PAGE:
You face the risk of health complications if you undergo general anesthesia. Your doctor will warn you about them, but they include mental confusion, heart attack and problems with bladder retention.
Administered through inhaled gasses or intravenous drugs, general anesthesia is a treatment that puts you to sleep. Your brain will not register pain or remember what is happening, states the Mayo Clinic.
According the Children's Hospital of Philadelphia, bladder retention, or urinary retention, means you are unable to empty your bladder of urine.
Bladder retention occurs after general anesthesia because your bladder is too distended from the intravenous fluids you received during your procedure to empty properly. It also can be caused by swelling around the bladder neck.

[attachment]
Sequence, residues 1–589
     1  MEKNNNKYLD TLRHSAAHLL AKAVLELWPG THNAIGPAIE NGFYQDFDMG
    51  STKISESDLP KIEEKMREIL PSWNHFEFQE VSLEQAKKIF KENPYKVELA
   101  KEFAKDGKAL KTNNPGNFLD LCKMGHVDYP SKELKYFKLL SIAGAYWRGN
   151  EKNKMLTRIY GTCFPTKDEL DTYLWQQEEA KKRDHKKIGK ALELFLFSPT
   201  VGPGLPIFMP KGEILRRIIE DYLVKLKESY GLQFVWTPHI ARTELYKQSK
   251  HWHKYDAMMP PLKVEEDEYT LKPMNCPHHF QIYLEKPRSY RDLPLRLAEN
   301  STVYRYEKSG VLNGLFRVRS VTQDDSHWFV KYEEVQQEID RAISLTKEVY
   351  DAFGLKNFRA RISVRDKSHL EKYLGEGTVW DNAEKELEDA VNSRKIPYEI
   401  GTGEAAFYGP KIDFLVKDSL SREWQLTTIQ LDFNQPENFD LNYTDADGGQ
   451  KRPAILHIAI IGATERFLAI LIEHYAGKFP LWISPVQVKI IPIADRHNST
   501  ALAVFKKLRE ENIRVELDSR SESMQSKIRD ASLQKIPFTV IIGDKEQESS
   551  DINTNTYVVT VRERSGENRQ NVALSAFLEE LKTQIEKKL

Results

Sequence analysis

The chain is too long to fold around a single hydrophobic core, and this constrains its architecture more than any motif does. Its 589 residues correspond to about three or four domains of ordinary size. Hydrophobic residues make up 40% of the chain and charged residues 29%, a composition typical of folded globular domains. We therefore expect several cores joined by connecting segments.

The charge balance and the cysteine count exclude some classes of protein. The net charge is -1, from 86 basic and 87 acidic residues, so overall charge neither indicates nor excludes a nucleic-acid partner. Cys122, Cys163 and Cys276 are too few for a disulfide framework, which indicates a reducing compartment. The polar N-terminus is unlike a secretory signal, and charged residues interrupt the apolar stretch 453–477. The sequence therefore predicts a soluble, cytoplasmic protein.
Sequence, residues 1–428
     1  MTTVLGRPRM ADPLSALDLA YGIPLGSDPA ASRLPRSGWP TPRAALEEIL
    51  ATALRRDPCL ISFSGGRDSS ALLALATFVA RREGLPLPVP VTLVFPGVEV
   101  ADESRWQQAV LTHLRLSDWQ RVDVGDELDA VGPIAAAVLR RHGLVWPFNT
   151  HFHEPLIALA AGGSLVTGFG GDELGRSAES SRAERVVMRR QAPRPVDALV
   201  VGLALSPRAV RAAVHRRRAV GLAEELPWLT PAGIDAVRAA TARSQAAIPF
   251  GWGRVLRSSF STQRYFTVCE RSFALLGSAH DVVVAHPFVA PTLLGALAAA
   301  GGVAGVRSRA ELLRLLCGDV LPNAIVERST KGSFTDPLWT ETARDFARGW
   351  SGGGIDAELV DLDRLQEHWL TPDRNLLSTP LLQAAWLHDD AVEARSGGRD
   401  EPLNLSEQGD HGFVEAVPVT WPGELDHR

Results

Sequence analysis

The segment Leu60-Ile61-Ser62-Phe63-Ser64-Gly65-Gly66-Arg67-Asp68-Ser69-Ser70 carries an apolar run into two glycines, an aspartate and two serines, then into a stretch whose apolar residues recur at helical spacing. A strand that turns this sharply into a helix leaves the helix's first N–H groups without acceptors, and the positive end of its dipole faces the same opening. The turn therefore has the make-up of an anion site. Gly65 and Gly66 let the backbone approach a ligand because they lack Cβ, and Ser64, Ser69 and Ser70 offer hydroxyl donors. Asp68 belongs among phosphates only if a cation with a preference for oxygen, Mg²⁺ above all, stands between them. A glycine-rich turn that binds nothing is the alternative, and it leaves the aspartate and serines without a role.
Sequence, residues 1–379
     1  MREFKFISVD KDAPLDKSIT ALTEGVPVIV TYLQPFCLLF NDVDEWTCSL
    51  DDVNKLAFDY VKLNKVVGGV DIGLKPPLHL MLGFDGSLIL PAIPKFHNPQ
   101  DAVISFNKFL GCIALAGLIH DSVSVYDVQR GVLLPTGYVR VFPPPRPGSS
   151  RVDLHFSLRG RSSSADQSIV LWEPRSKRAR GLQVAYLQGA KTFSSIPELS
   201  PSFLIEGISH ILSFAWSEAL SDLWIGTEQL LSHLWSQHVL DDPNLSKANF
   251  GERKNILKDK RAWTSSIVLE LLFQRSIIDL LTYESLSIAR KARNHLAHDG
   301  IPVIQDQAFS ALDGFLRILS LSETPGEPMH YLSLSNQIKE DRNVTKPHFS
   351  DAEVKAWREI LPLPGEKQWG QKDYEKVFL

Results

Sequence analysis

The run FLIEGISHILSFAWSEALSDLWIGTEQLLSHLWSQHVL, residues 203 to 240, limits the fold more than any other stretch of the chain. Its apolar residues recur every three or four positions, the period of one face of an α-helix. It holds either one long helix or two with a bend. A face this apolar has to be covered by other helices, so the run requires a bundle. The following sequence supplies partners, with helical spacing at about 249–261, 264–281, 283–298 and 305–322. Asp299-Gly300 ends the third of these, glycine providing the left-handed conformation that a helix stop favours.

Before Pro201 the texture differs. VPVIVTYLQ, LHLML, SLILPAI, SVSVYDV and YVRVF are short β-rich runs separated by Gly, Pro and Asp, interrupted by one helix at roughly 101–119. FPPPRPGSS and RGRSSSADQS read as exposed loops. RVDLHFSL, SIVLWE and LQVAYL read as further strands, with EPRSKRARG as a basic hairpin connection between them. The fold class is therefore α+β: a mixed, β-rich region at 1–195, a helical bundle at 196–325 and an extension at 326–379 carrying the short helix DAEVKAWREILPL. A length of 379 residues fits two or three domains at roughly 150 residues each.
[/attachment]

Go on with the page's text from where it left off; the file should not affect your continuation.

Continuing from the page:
Bladder retention is more likely to happen after major surgeries and is most common in men and older patients.
Bladder retention after general anesthesia is temporary. Until you regain urinary control, you can empty your bladder by using a catheter.